I have a personal reason for reacting negatively to “mic check.” I have done a fair amount of public speaking, including on gay issues. So I hope you will try to put yourself in my place.
Imagine if I (or you) were in a college auditorium at the microphone, invited by a gay student organization. Imagine that a large group of anti-gay students infiltrated the auditorium and did a “mic check” style of interruption. Certainly, I would be flustered and upset and uncertain how to respond. I could shout out “bigots go home,” but I would be unable to make the comments I planned to make, the comments that the gay student group which invited me wanted to hear.
My right to express my views would have been suppressed by a handful of vigilante haters. Maybe friendly supportive people in the audience would give me a big hand, and the homophobes would get bad publicity, but my purpose as a speaker would be lost.
There needs to be justice for Rove and his ilk, but not vigilante justice, as I do not believe in that, and I think it is very dangerous to use vigilante justice concepts as we move forward to try to correct the bad things happening in the nation and the world. The cop who sprayed pepper at UC Davis probably saw himself as dishing out vigilante justice to people he despised.
As for moments when Rove, etc., have speaking engagements, I think picketing outside the auditorium and handing out educational leaflet to those attending as well as passers-by is a more appropriate political action, one that I would be proud to participate in. I would not be proud to participate in “mic check.” It would not give me chills (as you said) in any positive sense; it would give me chills in a very frightening negative sense.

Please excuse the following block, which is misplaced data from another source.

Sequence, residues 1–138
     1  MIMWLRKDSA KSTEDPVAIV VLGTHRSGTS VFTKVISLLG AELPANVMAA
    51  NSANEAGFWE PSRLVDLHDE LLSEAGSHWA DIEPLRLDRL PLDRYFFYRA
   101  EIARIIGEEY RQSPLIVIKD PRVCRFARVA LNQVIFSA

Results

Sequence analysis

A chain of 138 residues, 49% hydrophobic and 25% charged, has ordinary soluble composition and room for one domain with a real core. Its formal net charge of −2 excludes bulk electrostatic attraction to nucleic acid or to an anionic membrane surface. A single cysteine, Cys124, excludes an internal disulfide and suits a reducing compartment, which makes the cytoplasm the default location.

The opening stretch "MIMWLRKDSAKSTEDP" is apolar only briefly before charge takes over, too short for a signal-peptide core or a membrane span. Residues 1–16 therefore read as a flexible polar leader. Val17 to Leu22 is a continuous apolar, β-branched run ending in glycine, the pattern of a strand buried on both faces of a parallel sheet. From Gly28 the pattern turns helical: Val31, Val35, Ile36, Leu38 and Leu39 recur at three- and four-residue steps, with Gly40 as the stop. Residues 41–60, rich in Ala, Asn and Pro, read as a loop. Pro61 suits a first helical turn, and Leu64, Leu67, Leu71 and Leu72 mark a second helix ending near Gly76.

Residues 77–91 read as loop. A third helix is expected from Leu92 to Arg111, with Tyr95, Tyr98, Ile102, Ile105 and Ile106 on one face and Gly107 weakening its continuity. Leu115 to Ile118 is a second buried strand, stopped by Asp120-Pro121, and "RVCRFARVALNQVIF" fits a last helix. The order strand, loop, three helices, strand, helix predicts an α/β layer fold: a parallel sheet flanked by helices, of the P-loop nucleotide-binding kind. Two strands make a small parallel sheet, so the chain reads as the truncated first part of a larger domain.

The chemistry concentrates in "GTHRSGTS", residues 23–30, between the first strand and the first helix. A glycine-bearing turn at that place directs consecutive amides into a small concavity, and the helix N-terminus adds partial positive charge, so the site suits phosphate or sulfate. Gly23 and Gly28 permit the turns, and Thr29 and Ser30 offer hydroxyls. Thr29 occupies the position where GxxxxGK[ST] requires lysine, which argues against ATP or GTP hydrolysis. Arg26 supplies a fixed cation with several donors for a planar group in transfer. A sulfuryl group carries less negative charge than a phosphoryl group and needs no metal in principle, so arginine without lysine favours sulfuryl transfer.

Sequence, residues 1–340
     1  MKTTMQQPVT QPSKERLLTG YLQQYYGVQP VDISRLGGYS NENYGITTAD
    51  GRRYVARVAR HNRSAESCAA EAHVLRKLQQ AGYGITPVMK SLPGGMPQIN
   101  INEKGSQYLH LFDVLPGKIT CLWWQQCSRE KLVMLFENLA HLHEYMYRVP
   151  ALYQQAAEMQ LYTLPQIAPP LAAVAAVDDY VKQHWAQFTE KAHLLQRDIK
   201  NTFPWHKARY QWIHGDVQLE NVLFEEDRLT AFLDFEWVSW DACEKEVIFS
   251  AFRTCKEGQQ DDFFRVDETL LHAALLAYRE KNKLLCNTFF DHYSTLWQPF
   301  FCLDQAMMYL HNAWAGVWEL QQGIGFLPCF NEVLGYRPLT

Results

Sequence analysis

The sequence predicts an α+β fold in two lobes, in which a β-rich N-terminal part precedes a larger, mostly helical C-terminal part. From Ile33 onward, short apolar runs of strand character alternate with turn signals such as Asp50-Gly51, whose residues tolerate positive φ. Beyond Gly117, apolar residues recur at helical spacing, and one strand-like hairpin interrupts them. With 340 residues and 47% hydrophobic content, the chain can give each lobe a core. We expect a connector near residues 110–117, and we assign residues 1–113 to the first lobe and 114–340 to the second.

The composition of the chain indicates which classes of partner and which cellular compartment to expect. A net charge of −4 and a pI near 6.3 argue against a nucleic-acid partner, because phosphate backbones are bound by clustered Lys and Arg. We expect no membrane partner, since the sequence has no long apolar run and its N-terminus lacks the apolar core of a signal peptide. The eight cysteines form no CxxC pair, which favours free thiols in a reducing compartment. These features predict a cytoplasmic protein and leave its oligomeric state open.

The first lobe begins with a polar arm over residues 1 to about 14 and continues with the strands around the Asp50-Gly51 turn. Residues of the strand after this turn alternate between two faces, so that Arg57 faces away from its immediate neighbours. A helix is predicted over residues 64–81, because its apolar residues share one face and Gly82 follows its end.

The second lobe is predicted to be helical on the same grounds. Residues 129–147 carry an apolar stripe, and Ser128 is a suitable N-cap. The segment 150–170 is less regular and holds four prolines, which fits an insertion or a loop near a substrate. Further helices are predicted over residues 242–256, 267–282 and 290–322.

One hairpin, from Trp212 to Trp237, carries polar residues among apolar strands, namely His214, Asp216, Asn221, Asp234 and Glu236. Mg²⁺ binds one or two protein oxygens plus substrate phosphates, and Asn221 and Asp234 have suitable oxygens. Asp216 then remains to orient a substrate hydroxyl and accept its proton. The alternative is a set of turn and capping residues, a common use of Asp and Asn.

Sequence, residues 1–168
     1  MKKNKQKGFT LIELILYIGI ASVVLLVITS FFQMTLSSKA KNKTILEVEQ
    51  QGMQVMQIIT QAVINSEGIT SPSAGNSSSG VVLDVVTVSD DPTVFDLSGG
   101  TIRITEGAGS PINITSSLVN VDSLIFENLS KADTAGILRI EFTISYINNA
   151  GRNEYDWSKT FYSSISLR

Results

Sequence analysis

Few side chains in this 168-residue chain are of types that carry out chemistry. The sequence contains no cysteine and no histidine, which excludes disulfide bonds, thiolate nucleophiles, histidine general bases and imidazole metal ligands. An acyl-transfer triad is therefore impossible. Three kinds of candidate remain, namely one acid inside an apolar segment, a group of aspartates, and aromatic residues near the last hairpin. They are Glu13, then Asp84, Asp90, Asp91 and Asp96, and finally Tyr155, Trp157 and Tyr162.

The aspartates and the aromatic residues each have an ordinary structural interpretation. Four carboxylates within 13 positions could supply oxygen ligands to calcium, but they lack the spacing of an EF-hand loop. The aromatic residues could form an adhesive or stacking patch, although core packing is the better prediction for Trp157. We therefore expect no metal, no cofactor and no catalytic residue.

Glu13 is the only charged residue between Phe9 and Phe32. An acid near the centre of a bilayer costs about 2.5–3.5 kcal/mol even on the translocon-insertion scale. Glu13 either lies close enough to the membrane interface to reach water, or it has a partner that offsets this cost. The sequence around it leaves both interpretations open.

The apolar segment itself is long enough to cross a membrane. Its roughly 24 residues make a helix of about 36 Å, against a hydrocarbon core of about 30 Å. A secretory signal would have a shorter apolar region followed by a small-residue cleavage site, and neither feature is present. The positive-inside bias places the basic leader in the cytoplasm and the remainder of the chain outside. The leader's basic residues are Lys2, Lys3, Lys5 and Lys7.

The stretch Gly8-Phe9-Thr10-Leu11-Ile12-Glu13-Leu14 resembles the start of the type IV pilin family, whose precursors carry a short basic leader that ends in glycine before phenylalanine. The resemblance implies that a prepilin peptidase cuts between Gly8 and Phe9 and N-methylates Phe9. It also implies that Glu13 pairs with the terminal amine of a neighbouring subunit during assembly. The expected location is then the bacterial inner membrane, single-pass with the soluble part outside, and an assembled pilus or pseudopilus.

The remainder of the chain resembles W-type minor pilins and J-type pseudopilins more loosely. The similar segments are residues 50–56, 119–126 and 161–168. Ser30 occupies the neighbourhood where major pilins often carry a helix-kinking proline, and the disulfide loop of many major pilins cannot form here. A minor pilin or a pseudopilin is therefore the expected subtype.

Chet: Well-stated and I agree entirely. Polarizing behavior, besides being wrong, simply creates more polarization and a spectacle that people can watch from the sidelines, taking sides and pretending they are acting as citizens rooting for their ideological team, instead of being real citizens doing the unglamorous, slow, and steady work of building broad-based consensus for change.
Kathy: You’re absolutely right, it’s ghastly. And that doesn’t make you a softie, but a man of principle who can speak up when his friends are wrong. A “softie” is someone who would keep quiet about it so as not to offend anyone. People who think that politics is simply a matter of “expressing yourself” by shouting louder than the other guy are ignorant narcissists.
This is the same damn tactic that the original Tea Party people used on the speakers who were trying to present Obama’s healthcare plan, and in my eyes it discredited the movement from the get-go. We’re desperately in need of reasoned discussion these days, and shouting down the “bad people” makes that impossible, because when you do that you validate everyone’s worst image of your own side.
The Right is working hard enough to misrepresent and discredit OWS already; the idiots don’t have to help them. This is what happens with a movement with no leaders, no goals, no philosophy and no discipline — the paranoids, the immature and the violent — all feel empowered, and they hijack the movement, and then it’s all over. Didn’t we already go through that in the Sixties?
I could go on ranting but I have family coming and cooking to do. Happy Thanksgiving!
Bradley: I have heard it said that freedom of the press belongs to anyone who owns the press. So it is with the powers of speech. Our society has evolved into one that is completely dominated by mega-wealthy, mega-powerful men and corporations.
They are so powerful that they own and control entire blocks of media outlets and blanket the population with their slanted world view. Their message is delivered in such a manner as to bamboozle the unwary population lulled by their soma as the telescreen emits powerful, suggestive messages designed to mold their opinion of people and events.
Now the inequity in our society grows to proportions not seen since the days of the “robber barons” of the early industrial age. Monopolies grow unabated by impotent laws and a justice system that has been corrupted by money and power.
There is no justice. Just us.
We, the people, struggle to get our message heard. Suddenly, a clever new tool emerges. Mic Check.